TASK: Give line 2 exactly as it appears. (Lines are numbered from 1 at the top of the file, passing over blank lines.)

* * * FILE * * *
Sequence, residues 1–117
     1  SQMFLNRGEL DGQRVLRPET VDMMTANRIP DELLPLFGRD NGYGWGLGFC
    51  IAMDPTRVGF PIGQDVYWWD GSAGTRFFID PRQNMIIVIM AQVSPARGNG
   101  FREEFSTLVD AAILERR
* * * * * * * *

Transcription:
     1  SQMFLNRGEL DGQRVLRPET VDMMTANRIP DELLPLFGRD NGYGWGLGFC